Is it Any Wonder the Irish are So Weird? - Lora O'Brien - Irish Author & Guide

Is it Any Wonder the Irish are So Weird?

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Wikipedia says:
The River Saile (known also as Weile Weile Waile) is a children’s nursery rhyme from Ireland.”

That’s true like, it is a song I heard as a kid, they taught it to us in primary school, so we would have sung it from about the age of 5 or 6 years old.

I got all nostalgic a week or two ago, and stuck a ‘Dubliners’ CD in the car, for solo journeys where nobody could judge me. Don’t judge me.

Seriously, stop that shit, I can feel you judging me.

And I had a complete throwback when the Weile Weile Waile song came on. Ronny Drew’s kinda cheery sounding Dublin rasp, and the banjo player plucking away in the background… and I was right back in the midst of the childhood incomprehension of trying to figure out what the hell was going on when I heard the song for the first time. See for yourselves.

There was an old woman and she lived in the woods, weile weile waile.
There was an old woman and she lived in the woods, down by the river Saile.

She had a baby three months old, weile weile waile.
She had a baby three months old, down by the river Saile.

She had a penknife, long and sharp, weile weile waile.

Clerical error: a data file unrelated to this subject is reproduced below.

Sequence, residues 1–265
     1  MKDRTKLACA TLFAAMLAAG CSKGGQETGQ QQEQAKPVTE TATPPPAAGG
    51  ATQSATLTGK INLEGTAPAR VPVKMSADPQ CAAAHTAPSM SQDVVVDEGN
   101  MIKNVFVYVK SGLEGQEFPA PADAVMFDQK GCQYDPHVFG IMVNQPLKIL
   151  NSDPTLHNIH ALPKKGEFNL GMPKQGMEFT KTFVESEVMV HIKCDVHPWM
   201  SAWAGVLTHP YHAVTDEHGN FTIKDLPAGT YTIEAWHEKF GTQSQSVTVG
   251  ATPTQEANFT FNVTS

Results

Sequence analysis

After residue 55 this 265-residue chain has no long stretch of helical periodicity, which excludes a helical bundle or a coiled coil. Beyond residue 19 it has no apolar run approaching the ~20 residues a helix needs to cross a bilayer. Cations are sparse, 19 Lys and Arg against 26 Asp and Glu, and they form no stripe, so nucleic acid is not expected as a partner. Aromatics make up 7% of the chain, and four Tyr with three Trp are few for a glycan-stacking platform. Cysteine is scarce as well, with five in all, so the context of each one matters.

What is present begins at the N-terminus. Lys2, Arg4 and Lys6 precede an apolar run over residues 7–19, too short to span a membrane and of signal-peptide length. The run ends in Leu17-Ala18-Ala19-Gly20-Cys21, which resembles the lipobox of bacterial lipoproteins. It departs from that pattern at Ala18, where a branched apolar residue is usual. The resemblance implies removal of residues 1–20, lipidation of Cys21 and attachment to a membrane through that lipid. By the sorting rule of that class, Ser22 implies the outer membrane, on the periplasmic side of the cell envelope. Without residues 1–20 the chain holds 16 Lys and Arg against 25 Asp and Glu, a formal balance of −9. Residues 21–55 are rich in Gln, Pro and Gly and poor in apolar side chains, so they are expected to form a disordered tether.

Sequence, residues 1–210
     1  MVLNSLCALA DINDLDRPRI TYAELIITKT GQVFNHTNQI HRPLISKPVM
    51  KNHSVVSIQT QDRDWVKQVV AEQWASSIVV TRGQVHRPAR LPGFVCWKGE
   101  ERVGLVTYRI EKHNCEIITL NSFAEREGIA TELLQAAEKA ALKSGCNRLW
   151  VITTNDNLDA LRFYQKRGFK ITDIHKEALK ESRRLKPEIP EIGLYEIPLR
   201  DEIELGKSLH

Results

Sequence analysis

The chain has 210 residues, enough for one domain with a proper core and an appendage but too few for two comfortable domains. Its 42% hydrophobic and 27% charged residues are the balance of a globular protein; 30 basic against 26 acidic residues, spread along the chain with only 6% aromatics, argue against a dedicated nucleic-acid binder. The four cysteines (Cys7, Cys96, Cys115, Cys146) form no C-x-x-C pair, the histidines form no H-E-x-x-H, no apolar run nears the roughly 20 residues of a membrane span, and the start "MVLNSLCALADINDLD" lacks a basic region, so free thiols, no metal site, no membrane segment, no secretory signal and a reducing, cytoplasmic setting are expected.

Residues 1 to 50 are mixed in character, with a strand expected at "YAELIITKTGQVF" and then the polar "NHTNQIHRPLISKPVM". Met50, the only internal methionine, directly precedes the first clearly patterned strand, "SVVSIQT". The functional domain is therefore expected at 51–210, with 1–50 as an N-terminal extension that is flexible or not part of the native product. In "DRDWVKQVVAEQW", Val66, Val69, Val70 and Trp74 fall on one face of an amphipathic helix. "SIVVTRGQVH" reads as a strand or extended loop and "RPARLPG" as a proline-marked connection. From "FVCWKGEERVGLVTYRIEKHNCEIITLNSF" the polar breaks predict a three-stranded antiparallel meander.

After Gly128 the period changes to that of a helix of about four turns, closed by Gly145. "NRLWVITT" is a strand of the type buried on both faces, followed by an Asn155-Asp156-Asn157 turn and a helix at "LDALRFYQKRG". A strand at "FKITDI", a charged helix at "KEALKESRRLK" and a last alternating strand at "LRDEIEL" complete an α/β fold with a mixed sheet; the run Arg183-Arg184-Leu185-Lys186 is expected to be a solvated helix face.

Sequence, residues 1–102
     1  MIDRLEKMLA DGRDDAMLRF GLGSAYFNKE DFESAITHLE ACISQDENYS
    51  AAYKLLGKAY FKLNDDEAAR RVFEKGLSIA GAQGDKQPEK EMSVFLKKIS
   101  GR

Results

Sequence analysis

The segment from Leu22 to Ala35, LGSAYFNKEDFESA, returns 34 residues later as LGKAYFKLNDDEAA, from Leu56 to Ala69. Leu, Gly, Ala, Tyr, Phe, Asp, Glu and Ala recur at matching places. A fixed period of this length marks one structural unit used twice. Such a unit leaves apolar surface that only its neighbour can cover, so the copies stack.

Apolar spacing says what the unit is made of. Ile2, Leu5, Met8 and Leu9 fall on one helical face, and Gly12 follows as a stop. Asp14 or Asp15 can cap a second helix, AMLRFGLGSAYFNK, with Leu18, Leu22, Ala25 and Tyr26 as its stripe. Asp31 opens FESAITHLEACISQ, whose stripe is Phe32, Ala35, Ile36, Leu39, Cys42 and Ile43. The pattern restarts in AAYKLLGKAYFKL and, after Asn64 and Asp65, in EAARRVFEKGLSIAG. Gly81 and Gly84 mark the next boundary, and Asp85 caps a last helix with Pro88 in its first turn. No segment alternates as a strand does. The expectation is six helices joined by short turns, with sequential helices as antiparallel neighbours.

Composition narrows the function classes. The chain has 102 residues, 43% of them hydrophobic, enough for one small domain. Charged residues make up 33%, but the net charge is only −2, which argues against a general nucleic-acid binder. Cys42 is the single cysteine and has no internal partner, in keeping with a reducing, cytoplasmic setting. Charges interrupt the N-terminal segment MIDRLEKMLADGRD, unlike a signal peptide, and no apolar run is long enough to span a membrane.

She had a penknife, long and sharp, down by the river Saile.

She stuck the penknife in the baby’s heart, weile weile waile.
She stuck the penknife in the baby’s heart, down by the river Saile.

There were three loud knocks come a’knocking on the door, weile weile waile.
There were three loud knocks come a’knocking on the door, down by the river Saile.

There were two policemen and a man, weile weile waile.
There were two policemen and a man, down by the river Saile.

They took her away and they put her in the jail, weile weile waile.
They took her away and they put her in the jail, down by the river Saile.

They put a rope around her neck, weile weile waile.
They put a rope around her neck, down by the river Saile.

They pulled the rope and she got hung, weile weile waile.
They pulled the rope and she got hung, down by the river Saile.

And that was the end of the woman in the woods, weile weile waile.
And that was the end of the baby too, down by the river Saile.

There were 13 different versions of this song recorded by Francis Child, before he died in 1896. Known as a ‘murder ballad’, the versions catalogue a variety of infanticide – from the stabbing knife, to strangling, to burying bound children alive.

So, what are they about?

Besides the obvious like, I know it’s about a woman killing her baby. I mean though, why would people sing about such gruesome acts? Is it a version of ‘warning about the boogeyman’; a mother killing her child as the most frightening thing possible, used to scare kids into line?

Is it, as my friend Janet suggested, a social commentary on post-natal depression? Or a warning method for new parents, a way of passing information on things to watch out for when you have a new baby, without having to discuss it?

Or do kids (humans) just love being gross and frightening each other?

Is it any wonder we’re so weird though?!

Lora O'Brien

Irish Author and Guide to Ireland

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Elizabeth Creely Reply

I’ve nothing intelligent to add, but would just like to say that I, too, wonder how it is this song came about.
crikey!

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